The technique of personalized lesson preparation is common in the Philippines (Lomibao 2016).

Novice teachers can be teamed alongside experienced instructors who have substantial knowledge and expertise on topic and pedagogy in this form of professional development (Borko, Livingston, and Shavelson 1990; Leinhardt and Greeno 1986; Livingston and Borko 1989).

The quality of the learning opportunities supplied to pupils is determined by the quality of the lesson plan (Li, Chen, and Kulm 2009).

Furthermore, there are relatively few professional development initiatives that focus on collaborative lesson preparation.

As a result, it will take a lot of time and effort to create lesson plans that address all of the essential student competencies.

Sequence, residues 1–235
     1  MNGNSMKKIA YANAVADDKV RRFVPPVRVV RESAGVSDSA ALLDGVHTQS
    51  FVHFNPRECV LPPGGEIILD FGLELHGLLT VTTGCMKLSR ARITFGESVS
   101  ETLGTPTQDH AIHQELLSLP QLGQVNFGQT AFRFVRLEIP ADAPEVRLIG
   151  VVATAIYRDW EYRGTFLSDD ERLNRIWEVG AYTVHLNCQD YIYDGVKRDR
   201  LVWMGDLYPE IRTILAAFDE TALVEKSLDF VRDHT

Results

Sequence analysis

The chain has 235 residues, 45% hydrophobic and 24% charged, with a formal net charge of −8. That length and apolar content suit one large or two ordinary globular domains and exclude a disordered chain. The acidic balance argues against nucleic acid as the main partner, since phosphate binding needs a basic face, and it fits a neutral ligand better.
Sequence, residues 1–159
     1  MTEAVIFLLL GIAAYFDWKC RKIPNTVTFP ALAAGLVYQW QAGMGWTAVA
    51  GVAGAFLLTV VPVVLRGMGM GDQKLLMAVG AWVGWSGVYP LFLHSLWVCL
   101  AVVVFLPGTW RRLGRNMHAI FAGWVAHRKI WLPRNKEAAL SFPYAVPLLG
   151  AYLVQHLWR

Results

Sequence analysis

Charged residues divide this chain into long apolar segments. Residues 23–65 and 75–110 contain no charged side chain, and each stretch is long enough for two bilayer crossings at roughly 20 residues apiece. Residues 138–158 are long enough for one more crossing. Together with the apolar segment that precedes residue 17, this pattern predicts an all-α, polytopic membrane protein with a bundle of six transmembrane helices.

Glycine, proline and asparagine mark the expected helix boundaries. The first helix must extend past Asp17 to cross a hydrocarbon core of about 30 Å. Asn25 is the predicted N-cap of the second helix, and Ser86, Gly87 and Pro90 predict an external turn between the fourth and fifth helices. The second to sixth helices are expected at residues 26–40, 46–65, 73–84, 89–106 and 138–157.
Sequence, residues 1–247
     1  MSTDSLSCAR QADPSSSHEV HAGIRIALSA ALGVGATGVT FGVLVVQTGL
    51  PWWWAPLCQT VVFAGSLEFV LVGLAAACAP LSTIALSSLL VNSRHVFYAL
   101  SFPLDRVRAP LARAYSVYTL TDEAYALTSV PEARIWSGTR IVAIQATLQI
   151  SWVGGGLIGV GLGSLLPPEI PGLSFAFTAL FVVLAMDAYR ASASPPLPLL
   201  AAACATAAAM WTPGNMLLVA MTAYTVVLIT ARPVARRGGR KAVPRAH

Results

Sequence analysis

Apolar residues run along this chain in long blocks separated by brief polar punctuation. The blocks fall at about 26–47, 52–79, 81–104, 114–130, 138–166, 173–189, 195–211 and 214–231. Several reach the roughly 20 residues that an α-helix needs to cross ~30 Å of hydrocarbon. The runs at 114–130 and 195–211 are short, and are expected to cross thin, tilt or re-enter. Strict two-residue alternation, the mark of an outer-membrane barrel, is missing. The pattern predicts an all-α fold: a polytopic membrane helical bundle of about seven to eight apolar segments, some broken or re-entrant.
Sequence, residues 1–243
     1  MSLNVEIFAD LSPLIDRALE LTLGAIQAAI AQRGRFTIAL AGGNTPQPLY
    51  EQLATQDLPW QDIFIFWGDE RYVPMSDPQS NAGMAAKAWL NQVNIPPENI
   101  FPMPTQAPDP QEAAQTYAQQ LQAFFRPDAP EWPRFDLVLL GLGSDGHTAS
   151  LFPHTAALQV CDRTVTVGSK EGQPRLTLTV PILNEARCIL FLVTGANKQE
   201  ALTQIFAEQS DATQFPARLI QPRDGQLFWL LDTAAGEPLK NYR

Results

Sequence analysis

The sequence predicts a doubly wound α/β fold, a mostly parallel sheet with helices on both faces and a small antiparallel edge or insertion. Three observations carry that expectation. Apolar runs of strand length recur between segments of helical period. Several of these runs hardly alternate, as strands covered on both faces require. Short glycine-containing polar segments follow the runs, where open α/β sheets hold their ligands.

Teachers in such a group deliberate together on the best approaches that will lead to great learning results.

Each member of the learning community, particularly teachers, should be given equal opportunity to contribute their observations and thoughts.

Teachers who work together to plan their lessons gain different perspectives from others and acquire professional growth. Collaborative teaching promotes interactive learning to minimize individualized planning and teaching and to break the culture of isolation. It conforms to the principles of social constructivism which promote interactive learning(Williams 2010).